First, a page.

Home   News

Monitor Corn Fields For Weed Control

Last week in this column Extension Agronomist Bill Curran discussed how dry weather will influence soil applied and post herbicide performance. We know that soil applied herbicides require rainfall to mobilize them for effective weed control and that generally it must occur within 7 to 10 days after application or before weed emergence. We have observed and are also hearing that annual weeds are breaking through some fields that did not receive an activating rainfall.
Monitor Corn Fields For Weed Control
In our Palmer amaranth trial this year, we observed emerged seedlings on May 12 in eastern Centre County. We included some additional glyphosate in some PRE treatments with the hope that this will control small emerged weeds. On May 8 we prepared a final seedbed and planted corn at our Rock Springs research farm, but did not apply PRE treatments until May 11. Giant foxtail was already breaking through. The research farm received about 0.3 inch of rainfall that night, so we’ll see if this helps control these emerged annuals. As a general rule, if the seedlings have developed true leaves and are still healthy, then it is unlikely that the soil applied herbicide will still provide control.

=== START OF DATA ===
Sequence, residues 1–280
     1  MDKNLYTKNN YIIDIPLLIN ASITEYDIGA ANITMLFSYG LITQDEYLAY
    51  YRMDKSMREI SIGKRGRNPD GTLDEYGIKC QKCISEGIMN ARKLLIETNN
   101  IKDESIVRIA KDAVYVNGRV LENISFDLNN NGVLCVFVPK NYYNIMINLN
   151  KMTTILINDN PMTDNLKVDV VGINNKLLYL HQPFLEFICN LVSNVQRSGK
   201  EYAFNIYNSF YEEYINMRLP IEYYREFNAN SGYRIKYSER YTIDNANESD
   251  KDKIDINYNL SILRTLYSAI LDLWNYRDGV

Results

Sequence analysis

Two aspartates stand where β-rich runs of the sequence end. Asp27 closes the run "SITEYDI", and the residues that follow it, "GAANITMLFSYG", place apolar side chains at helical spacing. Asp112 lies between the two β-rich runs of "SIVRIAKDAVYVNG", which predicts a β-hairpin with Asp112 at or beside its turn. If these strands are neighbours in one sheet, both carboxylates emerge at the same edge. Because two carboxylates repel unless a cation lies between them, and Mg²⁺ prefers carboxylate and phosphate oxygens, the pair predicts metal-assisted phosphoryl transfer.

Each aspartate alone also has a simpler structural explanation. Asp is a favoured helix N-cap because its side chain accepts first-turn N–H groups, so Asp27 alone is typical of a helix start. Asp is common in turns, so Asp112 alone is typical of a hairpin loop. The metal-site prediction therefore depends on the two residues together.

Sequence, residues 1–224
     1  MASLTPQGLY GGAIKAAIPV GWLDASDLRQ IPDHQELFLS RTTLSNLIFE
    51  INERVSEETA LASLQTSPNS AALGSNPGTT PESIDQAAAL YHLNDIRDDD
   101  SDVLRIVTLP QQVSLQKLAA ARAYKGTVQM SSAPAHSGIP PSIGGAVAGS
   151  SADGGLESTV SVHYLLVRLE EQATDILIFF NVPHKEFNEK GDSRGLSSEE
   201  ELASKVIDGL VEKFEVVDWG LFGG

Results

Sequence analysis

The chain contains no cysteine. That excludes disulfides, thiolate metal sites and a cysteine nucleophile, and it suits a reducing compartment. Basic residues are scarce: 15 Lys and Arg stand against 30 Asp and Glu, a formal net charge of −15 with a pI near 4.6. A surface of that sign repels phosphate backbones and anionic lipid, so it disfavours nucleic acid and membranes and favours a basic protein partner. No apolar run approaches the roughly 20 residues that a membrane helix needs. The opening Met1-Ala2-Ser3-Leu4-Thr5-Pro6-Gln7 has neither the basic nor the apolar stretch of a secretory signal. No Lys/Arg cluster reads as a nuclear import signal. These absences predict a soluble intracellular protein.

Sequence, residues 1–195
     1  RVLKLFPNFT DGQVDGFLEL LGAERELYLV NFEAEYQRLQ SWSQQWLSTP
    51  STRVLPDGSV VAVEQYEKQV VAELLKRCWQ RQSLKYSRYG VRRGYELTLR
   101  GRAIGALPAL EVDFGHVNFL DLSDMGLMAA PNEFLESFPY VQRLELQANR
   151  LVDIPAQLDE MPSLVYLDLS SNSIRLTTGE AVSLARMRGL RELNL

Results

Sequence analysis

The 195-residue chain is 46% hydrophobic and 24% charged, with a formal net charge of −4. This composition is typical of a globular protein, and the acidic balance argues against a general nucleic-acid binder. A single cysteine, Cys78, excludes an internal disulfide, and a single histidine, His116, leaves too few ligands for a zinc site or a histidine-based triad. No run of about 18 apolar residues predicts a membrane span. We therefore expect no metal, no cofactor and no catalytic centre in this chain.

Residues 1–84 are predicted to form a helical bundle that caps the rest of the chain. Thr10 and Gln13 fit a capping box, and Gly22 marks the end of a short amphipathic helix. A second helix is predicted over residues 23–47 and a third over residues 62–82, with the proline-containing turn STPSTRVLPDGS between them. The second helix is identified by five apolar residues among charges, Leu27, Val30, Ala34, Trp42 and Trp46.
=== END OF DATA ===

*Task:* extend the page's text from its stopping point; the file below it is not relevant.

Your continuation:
As mentioned last week, the exception would be herbicides belonging to the HPPD inhibitors such as Acuron, Balance, Corvus, Lumax Lexar, Instigate, and Prequel (Group 27) and Group 5 or the photosynthesis inhibitors (atrazine, simazine, and metribuzin) for control of annual broadleaves. The good news is that once the soil applied herbicides receive activating rainfall that should provide the residual control you expected. The bad news is that you will almost certainly need to come back with POST control. The emerged seedlings will not compete with the cash crop for a few more weeks, but now would be a good time to scout fields and perhaps plan for POST control a bit earlier than you might have otherwise.

Trending Video

Getting More Corn in the Ground

Video: Getting More Corn in the Ground

In this video, we continue planting corn on our home farm and 4 loads of feeder pigs need to be loaded.